Hardcore: Part 1

TAGS: squat, powerlifting, strength training, Elitefts Info Pages, barbell, training

I happened to be scanning though some of the powerlifting forums, and I read an interesting post. I usually don’t spend much time reading forums because most of the people are just a bunch of bitches complaining about squat depth, gear, drugs, and other judging problems. Maybe if these people learned to appreciate all types of lifting and use the internet as an educational tool, they could help the sport grow instead of trying to kill it. This doesn’t go for everyone who posts, but there are many idiots out there.

I’m getting off of the subject though. I’ll write about forums another time…Anyway, I’ve never had the chance to meet this particular poster in person—we’ll call him Ed—but I’ll usually read a post if I see his name. He has been in this sport for a long time, and I usually agree with most of what he says. Plus, he’s one funny SOB.

In this post, Ed said that my training wasn’t hardcore. He does say that I’m a GREAT lifter (he capped great, not me), and I appreciate that. It means a lot to hear that from him. I remember when I first started competing in around 1999/2000, and he was competing with someone else in the 308-lb weight class in all of the big meets. I looked up to those guys and strived to be that strong some day. I’d say that Ed has walked the walk and talks the talk, but I see myself as hardcore. I believe that this time he’s wrong.

I don’t know if I could write down a definition of hardcore, but when I was a kid, I remember looking up to all of the crazy lifter of the 1970s and 1980s with their wild hair and beards. They acted like animals at the competitions. I thought these guys were hardcore, and I wanted to be one of them. So I started training when I was a freshman in high school. I eventually built a gym in my basement by asking for equipment on every birthday and at Christmas. I saved most of my money to get more equipment. This stuff meant everything to me. I used to fight with my brother because he wouldn’t put my dumbbells back in the right order. My gym was always clean, and all equipment was used to the extreme but respected.

Those early years were very intense, and I pushed it as hard as I possibly could. I would often go through a squat routine, and when I was done, I’d try to go upstairs. If I could walk up the stairs, I’d turn around and go squat until I couldn’t make it up them. My workouts always ended with me being soaked in sweat and completely exhausted. There were many times that I’d fall asleep in my little gym because I couldn’t walk to my room. Most of this time, I trained alone because I couldn’t find a partner that shared my dedication. I even told my best friend that he had to leave and couldn’t workout with me. We stayed best friends, but we never trained together. He just didn’t push himself as hard as I expected.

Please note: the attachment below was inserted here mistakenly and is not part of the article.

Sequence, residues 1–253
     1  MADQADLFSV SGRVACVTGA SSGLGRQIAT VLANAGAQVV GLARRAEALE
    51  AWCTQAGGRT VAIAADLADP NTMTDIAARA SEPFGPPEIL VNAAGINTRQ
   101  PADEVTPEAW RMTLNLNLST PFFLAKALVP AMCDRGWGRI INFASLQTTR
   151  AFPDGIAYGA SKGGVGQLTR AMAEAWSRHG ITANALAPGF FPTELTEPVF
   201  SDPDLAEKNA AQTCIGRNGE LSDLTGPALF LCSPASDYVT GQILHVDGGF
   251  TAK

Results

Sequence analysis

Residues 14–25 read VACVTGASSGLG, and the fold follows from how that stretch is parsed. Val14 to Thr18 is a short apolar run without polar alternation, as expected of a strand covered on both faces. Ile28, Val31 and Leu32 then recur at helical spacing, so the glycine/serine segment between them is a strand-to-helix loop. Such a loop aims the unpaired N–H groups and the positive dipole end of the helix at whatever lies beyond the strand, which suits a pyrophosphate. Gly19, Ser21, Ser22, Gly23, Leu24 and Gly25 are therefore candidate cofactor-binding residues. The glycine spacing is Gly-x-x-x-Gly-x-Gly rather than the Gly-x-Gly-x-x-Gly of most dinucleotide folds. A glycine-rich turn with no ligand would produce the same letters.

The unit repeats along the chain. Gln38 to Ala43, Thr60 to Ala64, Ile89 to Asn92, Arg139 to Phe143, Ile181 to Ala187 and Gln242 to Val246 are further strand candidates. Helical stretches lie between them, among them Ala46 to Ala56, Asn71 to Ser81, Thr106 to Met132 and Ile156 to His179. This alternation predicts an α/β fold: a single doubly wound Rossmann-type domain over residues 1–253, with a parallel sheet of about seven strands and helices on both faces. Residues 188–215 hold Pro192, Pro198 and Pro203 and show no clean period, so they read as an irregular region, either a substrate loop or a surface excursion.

Once, I even got a lecture from my father about spending too much time training. He told me there was more to life and said I needed to find some balance. I used to turn down tickets to MLB games and concerts because I hadn’t trained yet that day, even if it was my favorite band or team. Training was my life.

I had this same drive in college. I went to the University of Nevada to throw the shot-put. This was one of the first times that I got to train with other serious athletes. I had a hard time in college because I worked full-time, went to school full-time, and threw the shot-put. Sometimes I wouldn’t get to throw until it was dark. So I’d have to throw my shot over this 10-foot fence and then climb it to get to the ring. I’d throw until very late into the night even though I had to be up by 5:00 am to get to work. Sometimes my coach would be able to stay late with me, which I really appreciated. There were a couple days a week when I could throw with the rest of the team, but my schedule was screwed up.

I always made time for the weight training though, and we had some great guys. Ray East was one the first guys I ever saw rep out 700 plus pounds. Then there was Kim Johanson from Sweden, and he was just pumped in the weight room. He liked to work up a good sweat, sniff his armpit, and scream in Swedish before heavy lifts. Kelly Harris always had a ton of anger that he let out too. Ray and I would go stuff ourselves before squat workouts and then go to the dungeon. We had a couple of gyms to use, but the dungeon was this small, very dark, hot room in the basement of the girls’ gymnasium. It was all cinderblock walls with no windows, and it only had one bench, two platforms with rubber plates, and two power racks. Many people bitched about it, but I loved it. It didn’t have any foo foo shit, just hardcore equipment to lift heavy. We had some great workouts there—people puking, sweating buckets, and the smell of testosterone.

When I had to quit throwing because of my compartment syndrome, my workouts definitely dropped down a notch. I still lifted heavy and was way more intense than most people, but it wasn’t the same. I started spending more time making money and trying to buy stuff. I just lifted to stay in some sort of shape (I know that’s gay).

Sometime around 1997, I really started to get the hunger to compete. It was always there but not as strong. So some friends talked me into doing a meet were I benched 405 or 410 lbs raw. I was training somewhat heavy for that show. This lit a huge fire in me, and for my first three lift meet, I totaled 1700 lbs without changing my training very much. Like I said, I always lifted heavy because I liked it, but the intensity wasn’t the same as when I was competing in a sport. Now, I had a sport to compete in again, and things were about to change.

I decided that this was what I wanted to do and that was all it took. I started quitting jobs because they were screwing up my training schedule. I had cut back to just 40 hours a week so I had more time to train. This led to me not having as much money. I had to start selling off my toys. This was ok though because I wanted to get bigger and stronger. At one time, I had three awesome motorcycles and two very nice cars. But I had to sell them all. I even had to sell my Hayabusa, which I had gotten up to 197 mph, because I was getting too big to ride it and money was getting really tight. That bike was one of my true loves, and I promised myself that some day I’d have another one. I even moved back in with my parents at one point because I needed money to compete in the bigger meets that I was starting to do. I always managed to keep all my bills paid, but my focus was to train. My ordinary life expenses had to be cut to a bare minimum.